NEW YORK -- A vigil Thursday evening for Kalief Browder -- the young Bronx man who died by suicide this week after spending his teenage years in jail without a trial -- started with a prayer.
"We’re here for one reason and one reason only," Rev. Jackie Lewis told a crowd of about 100 people from the steps the Manhattan Detention Complex. "We’re here to grieve. We’re here to grieve the loss of a particular life, Kalief Browder, who began to die the day he was arrested at 16, and incarcerated and held for 1,000 days without due process."
"He began to die every time someone injured him, tortured him, raped him, isolated him," Lewis continued. “He began to die when his hope died. He began to die when the system failed him."
Browder was 16 years old in 2010 when he was sent to New York's notorious Rikers Island jail for allegedly stealing a backpack. Browder always maintained his innocence. He was unable to make bail, and the Bronx district attorney’s office repeatedly delayed his trial. Browder spent three birthdays at the facility. The charges against him were ultimately dismissed.
"We’re here to mourn a broken system, a system that needs to die, a system that needs to be broken down, a system that needs to be dismantled," Lewis said.
During his time on Rikers, Browder spent an accumulated two years in solitary confinement. For the other year he was there, he faced horrible violence at the hands of guards and fellow inmates. Browder attempted suicide multiple times during his incarceration.
Upon his release, Browder struggled with mental health problems that his lawyer claims were caused by his time in jail. And last Saturday, after nearly two years of struggling to cope in the outside world, Browder killed himself. He was 22.
Among those at the vigil Thursday was Browder’s older brother, who asked not to be named.
"He was a boy. He was not a man," the brother remembered. "He was 16 years old when he was arrested and came out at 20 but he was still a boy. He was young man in body, but he was a boy."
"He did solitary confinement for so long, that, being in my mom’s house, by himself, in his room, was his only solitude," the brother added. "Even though he was out of jail, he confined himself again in real life. He didn’t want to be around people, but they called it paranoia, they called it a mental illness but he had a rightful reason… his mental illness is due to jail."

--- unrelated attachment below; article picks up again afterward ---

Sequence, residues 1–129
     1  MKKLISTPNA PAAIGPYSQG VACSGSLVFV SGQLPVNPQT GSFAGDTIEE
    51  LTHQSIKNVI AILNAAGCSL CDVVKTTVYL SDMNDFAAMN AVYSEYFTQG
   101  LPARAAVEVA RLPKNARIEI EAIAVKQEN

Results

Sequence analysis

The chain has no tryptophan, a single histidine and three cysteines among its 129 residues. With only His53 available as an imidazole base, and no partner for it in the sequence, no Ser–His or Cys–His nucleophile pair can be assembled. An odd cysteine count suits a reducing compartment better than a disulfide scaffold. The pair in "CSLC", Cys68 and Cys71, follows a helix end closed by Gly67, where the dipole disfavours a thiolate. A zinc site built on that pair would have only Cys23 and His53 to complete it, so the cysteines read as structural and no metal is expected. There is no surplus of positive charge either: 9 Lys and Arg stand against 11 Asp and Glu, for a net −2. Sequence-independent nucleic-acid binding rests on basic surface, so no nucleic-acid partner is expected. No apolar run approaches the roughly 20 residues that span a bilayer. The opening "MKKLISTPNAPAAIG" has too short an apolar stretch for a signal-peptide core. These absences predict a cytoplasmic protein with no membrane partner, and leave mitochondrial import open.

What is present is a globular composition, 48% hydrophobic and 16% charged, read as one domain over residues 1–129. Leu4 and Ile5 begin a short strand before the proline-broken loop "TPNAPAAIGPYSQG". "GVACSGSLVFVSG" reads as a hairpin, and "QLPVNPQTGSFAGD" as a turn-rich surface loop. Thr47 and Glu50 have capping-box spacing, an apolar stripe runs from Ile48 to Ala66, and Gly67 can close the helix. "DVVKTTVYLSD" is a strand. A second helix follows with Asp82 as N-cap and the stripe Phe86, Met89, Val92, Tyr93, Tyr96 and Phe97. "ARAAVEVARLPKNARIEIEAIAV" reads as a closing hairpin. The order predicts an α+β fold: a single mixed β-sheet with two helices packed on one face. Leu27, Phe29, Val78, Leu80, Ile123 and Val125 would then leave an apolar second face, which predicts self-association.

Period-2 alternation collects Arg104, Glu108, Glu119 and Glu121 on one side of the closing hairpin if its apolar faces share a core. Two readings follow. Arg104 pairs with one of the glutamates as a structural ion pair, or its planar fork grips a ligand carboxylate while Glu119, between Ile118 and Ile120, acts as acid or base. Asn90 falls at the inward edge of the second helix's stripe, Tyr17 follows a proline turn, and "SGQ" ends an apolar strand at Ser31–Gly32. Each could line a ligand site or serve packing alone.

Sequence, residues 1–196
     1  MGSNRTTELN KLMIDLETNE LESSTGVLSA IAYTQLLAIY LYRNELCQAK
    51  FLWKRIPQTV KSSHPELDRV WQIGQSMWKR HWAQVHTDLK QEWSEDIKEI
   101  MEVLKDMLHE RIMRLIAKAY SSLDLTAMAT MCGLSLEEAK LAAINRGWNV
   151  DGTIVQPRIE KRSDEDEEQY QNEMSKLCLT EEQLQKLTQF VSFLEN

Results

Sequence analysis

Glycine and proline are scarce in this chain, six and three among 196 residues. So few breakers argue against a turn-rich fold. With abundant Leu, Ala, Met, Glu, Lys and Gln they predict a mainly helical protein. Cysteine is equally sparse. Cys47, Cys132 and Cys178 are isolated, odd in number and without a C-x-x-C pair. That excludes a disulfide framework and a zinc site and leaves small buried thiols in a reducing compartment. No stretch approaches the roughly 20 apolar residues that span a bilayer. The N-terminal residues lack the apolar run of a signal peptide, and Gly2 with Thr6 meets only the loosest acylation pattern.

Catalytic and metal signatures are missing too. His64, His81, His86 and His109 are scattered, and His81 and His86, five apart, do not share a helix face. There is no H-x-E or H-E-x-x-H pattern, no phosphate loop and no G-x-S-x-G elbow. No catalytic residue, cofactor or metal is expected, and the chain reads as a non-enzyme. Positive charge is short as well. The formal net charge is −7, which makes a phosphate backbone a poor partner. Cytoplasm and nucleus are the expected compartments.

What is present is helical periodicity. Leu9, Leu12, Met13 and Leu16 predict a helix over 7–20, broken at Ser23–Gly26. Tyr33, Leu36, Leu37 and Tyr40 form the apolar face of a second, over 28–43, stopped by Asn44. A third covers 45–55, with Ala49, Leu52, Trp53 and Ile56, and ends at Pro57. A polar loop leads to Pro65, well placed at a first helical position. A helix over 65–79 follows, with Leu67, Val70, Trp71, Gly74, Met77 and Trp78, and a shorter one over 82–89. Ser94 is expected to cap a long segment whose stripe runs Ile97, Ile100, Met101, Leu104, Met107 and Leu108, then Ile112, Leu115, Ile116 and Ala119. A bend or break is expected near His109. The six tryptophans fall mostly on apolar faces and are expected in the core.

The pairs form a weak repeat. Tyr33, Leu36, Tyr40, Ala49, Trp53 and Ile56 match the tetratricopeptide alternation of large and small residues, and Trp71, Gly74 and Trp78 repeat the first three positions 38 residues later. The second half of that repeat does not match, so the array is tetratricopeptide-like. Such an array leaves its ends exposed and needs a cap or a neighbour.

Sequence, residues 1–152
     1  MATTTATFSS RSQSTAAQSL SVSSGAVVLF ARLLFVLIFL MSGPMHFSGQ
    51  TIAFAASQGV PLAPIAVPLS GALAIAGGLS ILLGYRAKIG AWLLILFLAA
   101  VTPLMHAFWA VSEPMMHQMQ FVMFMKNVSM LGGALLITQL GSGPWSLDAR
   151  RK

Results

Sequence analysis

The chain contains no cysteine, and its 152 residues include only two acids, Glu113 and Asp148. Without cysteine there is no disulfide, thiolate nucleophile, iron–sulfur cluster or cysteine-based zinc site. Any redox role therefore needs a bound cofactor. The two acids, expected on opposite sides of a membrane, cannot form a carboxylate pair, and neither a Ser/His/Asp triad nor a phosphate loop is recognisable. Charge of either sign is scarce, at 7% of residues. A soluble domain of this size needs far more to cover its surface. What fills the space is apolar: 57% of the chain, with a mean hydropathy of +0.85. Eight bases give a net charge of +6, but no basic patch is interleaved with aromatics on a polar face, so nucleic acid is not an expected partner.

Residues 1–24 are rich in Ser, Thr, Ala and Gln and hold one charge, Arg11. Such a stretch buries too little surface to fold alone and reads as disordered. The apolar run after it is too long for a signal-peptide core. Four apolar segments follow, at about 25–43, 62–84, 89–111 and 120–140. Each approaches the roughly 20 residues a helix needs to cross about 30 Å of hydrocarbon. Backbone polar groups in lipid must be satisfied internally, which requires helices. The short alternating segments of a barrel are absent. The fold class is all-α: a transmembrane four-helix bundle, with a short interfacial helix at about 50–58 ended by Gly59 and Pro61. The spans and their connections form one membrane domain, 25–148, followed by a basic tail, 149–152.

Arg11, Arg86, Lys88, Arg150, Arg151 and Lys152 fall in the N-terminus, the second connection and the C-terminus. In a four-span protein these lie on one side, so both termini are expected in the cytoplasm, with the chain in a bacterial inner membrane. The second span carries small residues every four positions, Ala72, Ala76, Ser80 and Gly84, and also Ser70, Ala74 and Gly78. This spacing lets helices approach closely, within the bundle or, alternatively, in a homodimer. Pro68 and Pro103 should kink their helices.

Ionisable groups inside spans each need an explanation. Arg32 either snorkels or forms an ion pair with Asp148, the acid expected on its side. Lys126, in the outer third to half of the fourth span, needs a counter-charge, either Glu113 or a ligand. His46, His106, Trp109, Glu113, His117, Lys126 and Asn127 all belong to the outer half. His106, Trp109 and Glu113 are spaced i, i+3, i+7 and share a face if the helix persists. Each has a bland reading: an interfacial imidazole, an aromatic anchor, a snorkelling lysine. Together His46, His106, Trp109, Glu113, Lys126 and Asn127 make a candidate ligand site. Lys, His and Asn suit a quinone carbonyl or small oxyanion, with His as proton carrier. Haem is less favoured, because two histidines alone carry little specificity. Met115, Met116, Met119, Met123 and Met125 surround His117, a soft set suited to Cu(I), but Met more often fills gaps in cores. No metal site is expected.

"Kalief wouldn’t have wanted any of this," said Browder’s lawyer, Paul Prestia, pointing at large crowd and all the news cameras. "He didn’t want any of the attention… he just wanted to be normal. It was easier said than done for him. He couldn’t reconcile what he’d gone through. It was too much for him to overcome."
"There were times when he was alive but barely living," he added.
Prestia added that he hopes there’s accountability for Browder’s death.
"We’re gonna pick up the pieces and move forward," he said. "The family will inherit the lawsuit and we’ll continue this quest for justice for Kalief. We can’t just let this end."
Mourners laid flowers and photos of Kalief on the steps of the Manhattan jail complex, as officers from the Department of Corrections looked on. The vigil was organized by the advocacy group Gathering for Justice, which is against the incarceration of minors.
Currently the group is waging a campaign to raise the age of criminal responsibility in New York, which is one of two states in the country that prosecutes 16- and 17-year-olds as adults.
"Every New York state jail has a Kalief Browder," Gathering for Justice organizer Angelo Pinto told the crowd. "That’s the reality of the matter."
Carmen Perez, Gathering for Justice’s executive director, said scandal-plagued Rikers Island "is no place for children."
"It wasn’t a place for Kalief," she said. "It wasn’t a place for [18-year-old] Kenan Davis, who committed suicide on Rikers yesterday."
"When minors are put into adult jail, we are subjecting them to psychological trauma, rape, torture and isolation, the likes of which few adults could withstand," she added. "Much of this abuse comes at the hands of those who say they’re here to protect and serve."
Mysonne Linen, a 38-year-old Bronx resident and Gathering for Justice activist, told The Huffington Post he was incarcerated on Rikers as a young man.
"It was a lot for me at 21," he said. "I can’t imagine dealing with those situations at 16."
And Yvette West, who held a sign reading "#RaiseTheAge of Criminal Responsibility to 18," told HuffPost she drove into the city from Westchester for the vigil.
"This could be my son,” she said of Browder. "It’s heart-wrenching. I have not been able to get this story out of my mind. It’s just awful. I’m sorry that the system failed him. He was tortured, and that should’ve never happened to him."
Need help? In the U.S., call 1-800-273-8255 for the National Suicide Prevention Lifeline.